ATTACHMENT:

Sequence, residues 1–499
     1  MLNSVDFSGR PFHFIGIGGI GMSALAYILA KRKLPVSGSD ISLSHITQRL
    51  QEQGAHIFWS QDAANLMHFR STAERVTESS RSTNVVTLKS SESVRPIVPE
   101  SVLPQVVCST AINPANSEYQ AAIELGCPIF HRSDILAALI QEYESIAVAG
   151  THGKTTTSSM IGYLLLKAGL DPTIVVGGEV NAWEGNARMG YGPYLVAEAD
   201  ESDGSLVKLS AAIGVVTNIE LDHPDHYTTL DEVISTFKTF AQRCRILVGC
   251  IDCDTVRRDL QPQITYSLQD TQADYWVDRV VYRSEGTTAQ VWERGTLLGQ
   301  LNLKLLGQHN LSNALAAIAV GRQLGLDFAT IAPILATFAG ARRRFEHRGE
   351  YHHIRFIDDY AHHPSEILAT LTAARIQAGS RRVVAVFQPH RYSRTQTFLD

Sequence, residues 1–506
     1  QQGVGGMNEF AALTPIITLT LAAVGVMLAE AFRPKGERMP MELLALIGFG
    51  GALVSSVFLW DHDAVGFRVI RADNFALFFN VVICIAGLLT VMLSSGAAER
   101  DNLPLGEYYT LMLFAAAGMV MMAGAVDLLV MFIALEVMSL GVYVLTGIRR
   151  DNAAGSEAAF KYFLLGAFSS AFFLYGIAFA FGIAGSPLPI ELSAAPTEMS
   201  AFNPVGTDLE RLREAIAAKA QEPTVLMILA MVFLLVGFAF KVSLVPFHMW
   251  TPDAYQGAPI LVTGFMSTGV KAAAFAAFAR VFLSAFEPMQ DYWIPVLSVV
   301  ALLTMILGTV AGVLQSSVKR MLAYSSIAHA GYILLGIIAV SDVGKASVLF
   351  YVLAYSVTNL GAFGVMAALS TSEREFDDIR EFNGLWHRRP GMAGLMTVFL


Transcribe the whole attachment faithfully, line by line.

Sequence, residues 1–499
     1  MLNSVDFSGR PFHFIGIGGI GMSALAYILA KRKLPVSGSD ISLSHITQRL
    51  QEQGAHIFWS QDAANLMHFR STAERVTESS RSTNVVTLKS SESVRPIVPE
   101  SVLPQVVCST AINPANSEYQ AAIELGCPIF HRSDILAALI QEYESIAVAG
   151  THGKTTTSSM IGYLLLKAGL DPTIVVGGEV NAWEGNARMG YGPYLVAEAD
   201  ESDGSLVKLS AAIGVVTNIE LDHPDHYTTL DEVISTFKTF AQRCRILVGC
   251  IDCDTVRRDL QPQITYSLQD TQADYWVDRV VYRSEGTTAQ VWERGTLLGQ
   301  LNLKLLGQHN LSNALAAIAV GRQLGLDFAT IAPILATFAG ARRRFEHRGE
   351  YHHIRFIDDY AHHPSEILAT LTAARIQAGS RRVVAVFQPH RYSRTQTFLD

Sequence, residues 1–506
     1  QQGVGGMNEF AALTPIITLT LAAVGVMLAE AFRPKGERMP MELLALIGFG
    51  GALVSSVFLW DHDAVGFRVI RADNFALFFN VVICIAGLLT VMLSSGAAER
   101  DNLPLGEYYT LMLFAAAGMV MMAGAVDLLV MFIALEVMSL GVYVLTGIRR
   151  DNAAGSEAAF KYFLLGAFSS AFFLYGIAFA FGIAGSPLPI ELSAAPTEMS
   201  AFNPVGTDLE RLREAIAAKA QEPTVLMILA MVFLLVGFAF KVSLVPFHMW
   251  TPDAYQGAPI LVTGFMSTGV KAAAFAAFAR VFLSAFEPMQ DYWIPVLSVV
   301  ALLTMILGTV AGVLQSSVKR MLAYSSIAHA GYILLGIIAV SDVGKASVLF
   351  YVLAYSVTNL GAFGVMAALS TSEREFDDIR EFNGLWHRRP GMAGLMTVFL